The reactions O+HO$_2$$\rightarrowHO+O_2 and O+OH\rightarrow H+O_2 are elementary reaction processes that govern HO_x radical concentration in the upper stratosphere [15] and mesosphere [17, 18] and play significant roles in the cycle for ozone depletion. The O+HO_2 is also a chain-breaking step in combustion processes. Substantial experimental and theoretical interest have been at-\newpage\noindent tracted focusing on the kinetic and dynamic characteristics of these reactions. However, HO_2 and HO_3 are still regarded as dynamically ''elusive'', presenting as yet unresolved challenges for rigorous quantum theoretical treatment. In this review, we give a detailed presentation in the advance of kinetic and dynamic investigations of these complex-forming reactions and attempt to reveal some potential characteristics of complex-forming reaction. Ⅱ. THE HO2 SYSTEM The endothermic reaction between hydrogen atom (H) and oxygen molecule (O_2)  \begin{eqnarray} {\rm{H}}(^2{\rm{S}} ) + {\rm{O}}_2(\tilde X^3\Sigma _{\rm{g}}^ - ) \to {\rm{OH}}(\tilde X^2\Pi) + {\rm{O}}(^3{\rm{P}} ) \end{eqnarray} (1) is long known as the most important combustion reaction [19] because of its crucial role in chain breaking of hydrogen oxidation and molecular oxygen consuming step. Such reaction also represents an important prototype complex-forming reaction with deep well (2.32 eV, as shown in FIG. 1(a)). The reverse reaction between OH(\tilde X^2\Pi) and O(^3{\rm{P}}) also plays an important role in atmospheric chemistry [17] as well as in interstellar chemistry [20].  FIG. 1 Schematic illustration of the reaction pathways for (a) HO_2 and (b) HO_3 reaction systems. The energies are taken from the results of Li et\; al. [92] in eV relative to the ground state reactant asymptotes for HO_2 and the results from the calulations by using MRCI-F12 method with VDZ-F12 basis in eV relative to the global minimum for HO_3, respectively. To understand the mechanism of such reactions, considerable attentions have been attracted in theoretical studies on the adiabatic potential energy surface (PES). Since Melius and Blint [21] constructed the first analytic PES (MB PES) of the system in 1979, PES for the ground electronic state (\tilde X^2A'') of HO_2 has been developed by several groups at different ab\; initio levels of theory. Earlier PESs include the double many-body expansion (DMBE) IV PES [22] which combined ab\; initio and experimental data simultaneously, the diatomics-in-molecules (DIM) surface [23] which utilized the diatomics in molecules model to fit ab\; initio data, and an analytical representation [24] (TU PES) of an ab\; initio potential focusing on the minimum energy path (MEP) and the anisotropies in its vicinity. Among the aforementioned PESs, DMBE IV PES is probably the most popular and widely used in dynamical studies for the reasonable behavior in describing global properties of the reaction. Besides, several deficiencies of the semi-empirical PES have been reported [24-30], which may significantly affect the accuracy of kinetics. For instance, the reaction was suggested to process a direct reaction channel by the dynamic study on the DMBE IV PES [27], which conflicts with the experimental complex-forming mechanism. To better understand the vibrational spectrum and dynamics of the system, Xu et\; al. [31.32] recently calculated about 18000 ab\; initio points using multi-reference configuration interaction method with Davidson correction and an augmented quadruple zeta correlation consistent basis set (MRCI+Q/AVQZ). They constructed a new global PES (XXZLG PES) of HO_2(\tilde X^2A'') by three-dimensional cubic spline interpolation. Due to the nature of complex-forming reaction with a deep well, most theoretical dynamics studies of H+O_2$$(\tilde X^3\Sigma_{\rm{g}}^-)$ reaction have been carried out by using QCT [33-39] or statistical models [31, 40-43]. Serious deficiencies have been pointed out, despite some reasonable results have been obtained by the heroic efforts. Dynamic bottleneck in energy transfer of the system [15] was proposed due to the observations of many back trajectories violating zero point energy (ZPE) of the OH product [35] and non-statistical limit of the H+O$_2$ reaction [37]. The statistical approach was found to reproduce only a few total reaction probabilities and led to serious discrepances with exact total reactive integral cross-sections (ICS) [42-44]. Several observations have confirmed that the H+O$_2$ reaction is not completely statistical [39, 44-46]. The dynamics of the reverse OH+O reaction are also extensively investigated utilizing QCT method [22, 24, 38, 47-54]. Like in the H+O$_2$ reaction, it is also not completely perfect when QCT approach was used in treating the dynamics of the OH+O reaction and dynamic bottleneck still exists in spite of using different PESs [36-38]. Therefore, a quantum treatment is very necessary. It is still a controversial issue that whether or not the OH+O reaction is statistical. The significant non-reactive scattering was found in earlier QCT studies [22, 38, 47-50], implying that the reaction has a non-statistical component, while latter work revealed that the non-statistical channel is unimportant [24]. Some evidences have manifested that the origin of the non-statistical behavior could be attributed to the relative short living HO$_2$ complex and the inefficient intramolecular vibrational energy redistribution (IVR) [29, 30, 43, 44, 54, 55].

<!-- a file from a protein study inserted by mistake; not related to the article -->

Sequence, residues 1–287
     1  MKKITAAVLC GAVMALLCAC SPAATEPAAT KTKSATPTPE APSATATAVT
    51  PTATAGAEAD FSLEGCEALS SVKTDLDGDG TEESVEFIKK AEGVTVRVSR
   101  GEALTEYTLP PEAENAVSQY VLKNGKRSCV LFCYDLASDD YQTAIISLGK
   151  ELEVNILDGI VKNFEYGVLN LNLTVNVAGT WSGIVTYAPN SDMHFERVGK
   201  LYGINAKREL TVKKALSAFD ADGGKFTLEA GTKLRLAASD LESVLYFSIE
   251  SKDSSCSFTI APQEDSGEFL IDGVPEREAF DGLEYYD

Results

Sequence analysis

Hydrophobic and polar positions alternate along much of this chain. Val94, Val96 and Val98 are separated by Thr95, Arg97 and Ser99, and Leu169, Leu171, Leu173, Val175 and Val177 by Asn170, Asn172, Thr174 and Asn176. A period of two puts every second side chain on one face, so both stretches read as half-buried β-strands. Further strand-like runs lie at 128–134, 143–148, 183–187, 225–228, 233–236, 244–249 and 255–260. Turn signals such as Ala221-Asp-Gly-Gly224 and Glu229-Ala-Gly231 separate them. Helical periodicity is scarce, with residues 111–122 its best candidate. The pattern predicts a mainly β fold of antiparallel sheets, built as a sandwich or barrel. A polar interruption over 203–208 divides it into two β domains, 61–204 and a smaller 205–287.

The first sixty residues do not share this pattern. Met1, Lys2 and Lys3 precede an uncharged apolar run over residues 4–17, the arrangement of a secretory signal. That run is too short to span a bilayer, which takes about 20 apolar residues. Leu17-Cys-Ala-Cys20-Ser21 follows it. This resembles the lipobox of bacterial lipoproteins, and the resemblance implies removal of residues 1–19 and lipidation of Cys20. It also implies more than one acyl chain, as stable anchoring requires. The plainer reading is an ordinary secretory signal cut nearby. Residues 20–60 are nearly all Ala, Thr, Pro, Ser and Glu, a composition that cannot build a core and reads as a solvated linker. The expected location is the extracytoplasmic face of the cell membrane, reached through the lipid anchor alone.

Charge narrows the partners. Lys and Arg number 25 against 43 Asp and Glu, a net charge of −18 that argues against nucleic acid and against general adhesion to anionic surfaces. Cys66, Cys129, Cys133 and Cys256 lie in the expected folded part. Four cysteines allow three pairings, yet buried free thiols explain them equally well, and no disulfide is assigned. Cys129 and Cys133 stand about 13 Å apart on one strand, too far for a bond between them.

The quantum mechanical characterization of the HO$_2$ system has been reported by many groups on various PESs since the end of last century. The $J$=0 total reaction probability was reported by Pack $et\; al$. [56, 57] using time-independent quantum mechanical (TIQM) method on DMBE PES at several collision energies and a threshold was found, which is consistent with the endothermicity of the H+O$_2$ reaction. It was confirmed later by quantum dynamical studies [55, 58, 59]. Numerous sharp resonances were shown in total reaction probability [55, 58-61], revealing the complex-forming mechanism. TIQM calculations on H+O$_2$ reaction are extended to total angular momentum $J$$>0 and Coriolis coupling was explicitly included [27, 62-64], which revealed that the importance of Coriolis coupling increases with J increasing. Due to its extensive Coriolis coupling, HO_2 system served as a rigorous benchmark for helicity conserving method and J-shifting models [65-68]. Poirier et\; al. [69-71] addressed approximated quantum dynamics calculations on the HO_2 bound rovibrational state using various theory-based J-shifting schemes. They found that the rovibrational energy levels were extremely well performed even up to large J values where Coriolis coupling cannot be ignored by so-called ''modified Effective Potential'' (modEP)[71]. The XXZLG PES has been widely used in quantum dynamical studies. Both time-dependent quantum mechanical (TDQM) and TIQM methods were used to calculate the total and state-to-state quantum mechanical reaction probability. Remarkably dynamic difference was found, comparing with the results on DMBE PES, especially at collision energies larger than 1.2 eV [59]. The reactivity of the H+O_2 reaction was significantly enhanced by the effect of the vibrational excitation [72], as expected in terms of the Polanyi rule [73]. The initial rotational excitation on the O_2 reactant was later carried out by using Chebyshev wave packet calculations and the higher rotational states of O_2 seem to bring better agreement with experiments [74]. The quantum rate constants [72, 74] were found to be significantly improved on the XXZLG PES compared with those obtained on the DMBE PES, and the temperature dependence of Arrihenius type was reasonably produced. Even though, the calculated values still underestimated compared with the experimental values and the influence factors were not ascertained. Regarding to the reaction, the quantum rate constants [75] on the XXZLG PES were qualitatively consistent with a low-temperature extrapolation of earlier experimental values but smaller than the most recent experiments at the lowest temperatures reported by Carty et\; al. [45], which may stem from the particularly vulnerable region of the channel with difficulty in the long-range interaction fitted by splines [32, 76, 77]. It has been demonstrated [15, 78, 79] that the long-range force plays an important role at low-temperature. Two reproducing kernel Hilbert space (RKHS) PESs [80] were designed in order to better elucidate the dynamics and accurately describe the potential well corresponding to the bound state of HO_2. To remedy the deficiencies in the fitting, especially at long-range interaction region, of XXZLG PES, Varandas et\; al. [81] have very recently developed a new PES for HO_2$$(\tilde X^2$A$'')$, commonly known as Combined-Hyperbolic-Inverse-Power-Representation (CHIPR) PES, which employed the slightly corrected $ab\; initio$ data of Xu $et\; al$. [32] using the novel Varandas CHIPR method [82]. The main topographical features of CHIPR PES are in good agreement with XXZLG PES, as shown in FIG. 2. However, some differences in long-range region, such as the undulations visible of XXZLG PES, may lead to distinguished behavior in the OH+O dynamics. Rate constants calculated by QCT method on this new PES are in general agreement with the XXZLG results from moderate temperatures upwards, but the disparity can be up to 25% at low temperatures [81]. It is thus confirmed that long-range forces in the barrierless OH+O reaction could dominate the rate constants [83, 84]. Time-independent quantum scattering calculations have been performed on the CHIPR PES and thermal rate coefficients are reported, as shown in FIG. 3, by using the $J$-shifting approximation [85]. It is a remarkable fact that the most recent experimental values of Carty $et\; al$. [45] showed a distinct trend from other early experiments but close to the calculated ones. The quantum rate constants considering the influence of quantum effects in the intermediate complex were somewhat larger than the QCT results [81], although a similar pattern was reproduced. Meanwhile, the hydrogen isotopic substitution X+O$_2$$\rightarrowOX+O (X=Mu, H, D and T) reactions were performed by employing time-independent method and the effect of isotopic substitution on state specified rate constants was investigated [86]. Rate constants of the reactions with H, D, and T presented quite similar behavior while the Mu+O_2 rate constants were smaller than others over the entire temperature range, especially at low temperature. Reaction probabilities for different initial rovibrational states of the OH radical were reported on both CHIPR and DMBE PESs using 3D time-dependent quantum wave-packet method [87]. As is visible from the reaction probabilities for J=0, the reactivity of OH(v=0, J=0-5)+O reaction does not always increase with the rotational excitation of OH. As presented in FIG. 3, all theoretical rate constants have a negative temperature dependence over \sim50 K and deviate substantially from the experiments of Carty et\; al. [45] at lower temperature. It may conclude that J-shifting method can only be utilized to determine thermal rate coefficients correctly. Full quantum mechanical calculations with larger J values are required for low temperatures. However, it is still difficult for the deep well reaction with large number of coupled states.  FIG. 2 Topographical features of CHIPR (a) and XXZLG (b) PESs for an oxygen atom moving around a partially relaxed OH such as to cover the range between the optimum value at the saddle point and the one at the asymptote. Adapted with permission from Ref.[81] (Copyright 2013 American Institute of Physics).  FIG. 3 Comparison of the theoretical rate coefficients for O+OH\rightarrowH+O_2 reaction. Adapted with permission from Ref.[87] (Copyright 2017 Elsevier B.V.). The first excited electronic state of HO_2$$(\tilde A^2\textrm{A}')$ is degenerated with its ground state of $\tilde X^2 \textrm{A}''$ at linear geometries and correlated to the same product of OH+O, which is associated with the reaction between the H atom and the singlet molecular oxygen molecule,